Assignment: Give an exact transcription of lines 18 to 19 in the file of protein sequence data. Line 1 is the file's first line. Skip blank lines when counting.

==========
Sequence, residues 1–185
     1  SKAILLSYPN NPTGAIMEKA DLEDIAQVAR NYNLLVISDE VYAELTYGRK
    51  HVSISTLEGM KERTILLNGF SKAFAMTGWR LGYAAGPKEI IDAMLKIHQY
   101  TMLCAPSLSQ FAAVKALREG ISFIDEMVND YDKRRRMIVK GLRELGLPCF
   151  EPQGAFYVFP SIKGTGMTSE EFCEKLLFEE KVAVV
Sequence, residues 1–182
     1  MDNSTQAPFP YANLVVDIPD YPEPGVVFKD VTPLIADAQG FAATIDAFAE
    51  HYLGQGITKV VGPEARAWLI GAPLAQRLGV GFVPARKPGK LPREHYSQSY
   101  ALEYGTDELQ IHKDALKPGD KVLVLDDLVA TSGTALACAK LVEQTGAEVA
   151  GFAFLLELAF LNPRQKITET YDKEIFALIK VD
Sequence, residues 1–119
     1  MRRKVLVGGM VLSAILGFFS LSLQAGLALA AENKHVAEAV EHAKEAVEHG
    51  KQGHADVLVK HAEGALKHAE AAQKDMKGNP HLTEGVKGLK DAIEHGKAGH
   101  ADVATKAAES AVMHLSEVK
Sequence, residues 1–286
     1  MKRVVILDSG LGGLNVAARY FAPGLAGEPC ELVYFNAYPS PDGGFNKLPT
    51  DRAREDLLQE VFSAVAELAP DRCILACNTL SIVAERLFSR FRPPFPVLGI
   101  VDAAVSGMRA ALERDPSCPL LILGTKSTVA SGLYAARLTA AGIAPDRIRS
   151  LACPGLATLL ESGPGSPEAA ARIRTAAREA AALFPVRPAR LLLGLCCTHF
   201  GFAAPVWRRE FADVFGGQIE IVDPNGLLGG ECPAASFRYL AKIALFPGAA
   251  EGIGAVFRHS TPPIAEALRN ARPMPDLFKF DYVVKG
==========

   101  VDAAVSGMRA ALERDPSCPL LILGTKSTVA SGLYAARLTA AGIAPDRIRS
   151  LACPGLATLL ESGPGSPEAA ARIRTAAREA AALFPVRPAR LLLGLCCTHF